FACT SHEET: Deepening the U.S.-Africa Trade Relationship
President Obama has prioritized promoting U.S. trade with and investment in Africa, building Africa’s trade capacity, and extending preferential access to the U.S. market for African products. U.S. non-petroleum imports from Africa increased by 46 percent and U.S. goods exports to Africa increased by 59 percent since 2009, evidence of growing trade ties between the United States and Africa.
Doing Business in Africa while Building African Capacity to Trade
The Doing Business in Africa (DBIA) Campaign is an unprecedented whole-of-government approach to strengthening the U.S. commercial relationship with Africa, a diverse region that offers substantial trade and investment opportunities across national and regional markets. Africa is home to nine of the twenty fastest-growing economies in the world, and provides substantial opportunities for U.S. companies.
At the 2014 U.S.-Africa Business Forum (USABF) and U.S.-Africa Leaders Summit, U.S. Government departments and agencies made $7 billion in commitments on the continent, many of which are nearing completion. Following the success of the USABF, the President has announced he will attend the next U.S.-Africa Business Forum in 2016, which will take place in the United States.
The President’s Advisory Council on Doing Business in Africa (PAC-DBIA), announced at the USABF, was formed in November 2014. The Council is working closely with the U.S. Government to recommend ways the government can strengthen the U.S.-Africa trade and investment relationship.
U.S. Department of Commerce: To facilitate U.S. business activity in Africa, the Department of Commerce:
- Doubled its presence in sub-Saharan Africa over the past year, by opening new offices in Angola, Tanzania, Ethiopia, and Mozambique, while expanding its operations in Ghana, and re-establishing a position at the African Development Bank.
- Supported 16 private sector deals in Africa worth approximately $7 billion, with $4.1 billion in U.S. export content, since the USABF.
- Will lead several members of the PAC-DBIA on a fact-finding trip to Africa to engage with partners and stakeholders to discuss how U.S. Government programs and policies can better support economic engagement between Africa and the United States.
- Will launch a multi-stop Institutional Investor Roadshow – with an inaugural stop on the margins of the UN General Assembly Session – in September 2015 to provide a platform for U.S. institutional investors and African heads of state to discuss best practices to reduce governance risk, strengthen capital markets and increase long-term investment flows to mobilize U.S. private sector capital and introduce U.S. exporters and U.S. financial institutions to specific export and investment opportunities in African markets.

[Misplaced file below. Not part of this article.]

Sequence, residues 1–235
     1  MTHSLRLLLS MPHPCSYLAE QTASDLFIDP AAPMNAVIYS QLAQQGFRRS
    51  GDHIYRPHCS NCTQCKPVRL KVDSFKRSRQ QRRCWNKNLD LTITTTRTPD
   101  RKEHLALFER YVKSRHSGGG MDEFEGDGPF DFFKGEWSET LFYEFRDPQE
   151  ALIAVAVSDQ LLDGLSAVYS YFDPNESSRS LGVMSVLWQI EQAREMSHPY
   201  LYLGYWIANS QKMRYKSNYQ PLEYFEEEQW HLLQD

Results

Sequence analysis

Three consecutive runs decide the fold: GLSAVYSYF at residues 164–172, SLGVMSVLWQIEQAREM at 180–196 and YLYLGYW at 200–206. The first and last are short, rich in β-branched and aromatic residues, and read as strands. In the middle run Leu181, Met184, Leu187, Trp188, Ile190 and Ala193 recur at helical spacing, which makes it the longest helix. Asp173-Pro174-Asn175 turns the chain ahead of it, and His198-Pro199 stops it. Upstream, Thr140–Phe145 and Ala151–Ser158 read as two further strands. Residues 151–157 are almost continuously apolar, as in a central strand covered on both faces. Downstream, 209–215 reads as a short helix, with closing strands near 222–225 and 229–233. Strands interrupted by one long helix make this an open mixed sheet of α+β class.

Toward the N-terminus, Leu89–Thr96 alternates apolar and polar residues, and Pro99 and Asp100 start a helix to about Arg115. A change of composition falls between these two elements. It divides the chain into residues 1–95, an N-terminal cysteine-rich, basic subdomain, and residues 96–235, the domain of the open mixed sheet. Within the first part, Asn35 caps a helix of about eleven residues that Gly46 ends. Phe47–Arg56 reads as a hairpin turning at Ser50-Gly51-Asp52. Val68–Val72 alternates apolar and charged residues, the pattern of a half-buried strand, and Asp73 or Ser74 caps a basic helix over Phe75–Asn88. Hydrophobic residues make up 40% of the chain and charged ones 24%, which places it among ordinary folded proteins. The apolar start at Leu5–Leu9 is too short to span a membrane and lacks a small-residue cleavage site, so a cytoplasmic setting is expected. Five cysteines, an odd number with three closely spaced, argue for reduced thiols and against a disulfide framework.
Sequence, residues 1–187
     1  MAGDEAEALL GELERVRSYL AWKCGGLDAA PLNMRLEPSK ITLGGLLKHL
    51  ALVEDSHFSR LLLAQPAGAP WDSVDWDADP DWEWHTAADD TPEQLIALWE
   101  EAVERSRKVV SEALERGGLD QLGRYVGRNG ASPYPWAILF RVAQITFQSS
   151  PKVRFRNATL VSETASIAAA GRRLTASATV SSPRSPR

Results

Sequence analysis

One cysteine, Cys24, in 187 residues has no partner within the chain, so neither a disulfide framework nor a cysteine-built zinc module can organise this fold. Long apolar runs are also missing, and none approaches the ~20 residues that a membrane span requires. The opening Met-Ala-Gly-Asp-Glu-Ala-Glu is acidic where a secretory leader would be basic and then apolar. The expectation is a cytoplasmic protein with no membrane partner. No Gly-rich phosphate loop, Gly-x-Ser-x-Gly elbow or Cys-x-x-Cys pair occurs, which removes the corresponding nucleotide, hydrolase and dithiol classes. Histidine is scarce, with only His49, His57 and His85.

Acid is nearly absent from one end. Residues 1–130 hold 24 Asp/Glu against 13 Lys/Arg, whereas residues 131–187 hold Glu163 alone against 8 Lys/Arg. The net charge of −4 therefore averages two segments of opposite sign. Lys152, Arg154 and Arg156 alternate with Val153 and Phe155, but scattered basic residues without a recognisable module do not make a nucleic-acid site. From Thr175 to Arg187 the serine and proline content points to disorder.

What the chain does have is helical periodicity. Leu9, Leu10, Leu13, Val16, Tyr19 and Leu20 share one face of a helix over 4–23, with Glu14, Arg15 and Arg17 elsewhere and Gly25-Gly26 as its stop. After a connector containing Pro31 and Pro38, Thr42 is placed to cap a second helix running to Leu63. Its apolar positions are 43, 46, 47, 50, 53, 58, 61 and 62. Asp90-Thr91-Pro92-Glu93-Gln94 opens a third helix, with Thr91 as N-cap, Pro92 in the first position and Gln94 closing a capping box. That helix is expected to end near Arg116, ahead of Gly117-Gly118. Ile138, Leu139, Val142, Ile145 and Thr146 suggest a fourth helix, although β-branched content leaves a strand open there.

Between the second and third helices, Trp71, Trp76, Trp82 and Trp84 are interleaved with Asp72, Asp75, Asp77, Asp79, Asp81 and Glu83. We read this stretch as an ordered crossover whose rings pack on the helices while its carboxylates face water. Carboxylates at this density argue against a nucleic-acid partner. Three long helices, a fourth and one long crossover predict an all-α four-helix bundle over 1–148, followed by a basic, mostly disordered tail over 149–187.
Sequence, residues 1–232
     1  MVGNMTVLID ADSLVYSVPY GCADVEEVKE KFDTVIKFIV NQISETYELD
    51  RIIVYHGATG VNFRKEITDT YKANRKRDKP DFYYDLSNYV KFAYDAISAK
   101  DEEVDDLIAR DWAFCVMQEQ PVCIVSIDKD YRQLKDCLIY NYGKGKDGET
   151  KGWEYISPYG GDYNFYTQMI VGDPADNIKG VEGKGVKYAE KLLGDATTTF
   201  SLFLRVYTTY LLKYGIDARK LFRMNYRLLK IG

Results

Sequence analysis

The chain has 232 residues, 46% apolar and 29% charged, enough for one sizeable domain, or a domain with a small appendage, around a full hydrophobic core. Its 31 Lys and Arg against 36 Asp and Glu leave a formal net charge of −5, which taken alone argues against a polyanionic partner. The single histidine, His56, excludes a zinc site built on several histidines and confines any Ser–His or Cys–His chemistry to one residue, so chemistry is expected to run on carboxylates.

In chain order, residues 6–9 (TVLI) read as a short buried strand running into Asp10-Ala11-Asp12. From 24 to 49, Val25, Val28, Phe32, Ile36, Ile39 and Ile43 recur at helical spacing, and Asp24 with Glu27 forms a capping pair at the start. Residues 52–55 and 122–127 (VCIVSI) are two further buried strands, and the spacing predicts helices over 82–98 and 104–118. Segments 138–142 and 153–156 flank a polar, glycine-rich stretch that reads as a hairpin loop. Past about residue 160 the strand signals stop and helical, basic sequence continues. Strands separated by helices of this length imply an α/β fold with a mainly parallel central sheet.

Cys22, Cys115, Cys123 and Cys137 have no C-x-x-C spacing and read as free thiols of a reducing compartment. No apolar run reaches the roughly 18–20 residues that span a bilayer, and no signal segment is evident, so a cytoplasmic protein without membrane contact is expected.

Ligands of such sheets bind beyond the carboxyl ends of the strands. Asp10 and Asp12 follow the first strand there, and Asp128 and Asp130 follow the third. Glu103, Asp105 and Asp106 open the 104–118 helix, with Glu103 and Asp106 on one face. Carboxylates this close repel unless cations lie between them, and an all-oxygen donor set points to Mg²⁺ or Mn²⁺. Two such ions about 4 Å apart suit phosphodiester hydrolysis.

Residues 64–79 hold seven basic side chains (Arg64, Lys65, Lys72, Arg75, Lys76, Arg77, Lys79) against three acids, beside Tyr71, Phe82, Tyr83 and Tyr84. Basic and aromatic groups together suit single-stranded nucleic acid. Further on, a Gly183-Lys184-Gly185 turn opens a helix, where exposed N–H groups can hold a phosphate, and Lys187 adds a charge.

- Will launch, in coordination with the Department of State, a whole-of-government approach to support U.S. companies pursuing infrastructure projects in Africa. To pilot this mechanism, the U.S. and Kenya governments have signed a Memorandum of Understanding (MOU) to promote U.S. commercial participation and investment in Kenya’s infrastructure sector.
- Will launch in October 2015 the Cold Chain Assessment Initiative with the Global Cold Chain Alliance to develop a modern cold chain in Kenya and plans to replicate it across the region.
Millennium Challenge Corporation: MCC is well on its way to reaching the $2 billion DBIA funding commitment announced during last year’s USABF. MCC is launching a bankable Public-Private Partnership (P3) Platform that will: 1) Raise an estimated $750 million from the private sector through more than $50 million in MCC grants by delivering bankable P3 transactions over the next five years; 2) Help partner countries create enabling environments through policy and institutional reform and prepare P3 deals through an open, competitive selection process; and 3) Make available a comprehensive and coordinated package of tools and resources from U.S. Government partners to offer financing, technical assistance, and technology transfer to prepare bankable public-private partnerships.
Overseas Private Investment Corporation (OPIC): OPIC committed $1 billion in financing and insurance at the USABF and is on track to meet that commitment by the end of 2015. OPIC will expand its DBIA commitment to another $1 billion for financing and insurance through 2018. In addition, the OPIC CEO will lead a post-Ebola investor trip to West Africa in early 2016 to bring together investors in renewable energy and healthcare who are looking to expand operations in West Africa. OPIC will also open two new offices in sub-Saharan Africa by the end of 2016.
U.S. Trade and Development Agency (USTDA): USTDA is working with African governments to improve procurement practices for infrastructure projects under its Global Procurement Initiative (GPI), to help level the playing field for U.S. companies competing on public tenders and helping countries get better value for their procurement dollars. USTDA will launch a GPI program specifically for Ethiopia. Additionally, to connect African buyers with U.S. manufacturers and service providers, USTDA will host four reverse trade missions to the United States covering: U.S. cold chain practices for agriculture; airport security and modernization; port security and modernization; and healthcare. USTDA will also fund a feasibility study to assist the development of a new multi-commodity bulk port in Senegal and a training for delegates from 16 countries across sub-Saharan Africa on using modernized meteorological technology to increase weather service capabilities and fast track the implementation of early warning systems, climate information, and meteorological data platforms. In conjunction with this trip, USTDA will resume its work in Kenya, including supporting Presidential initiatives such as Power Africa, Trade Africa and other priority infrastructure projects in Kenya.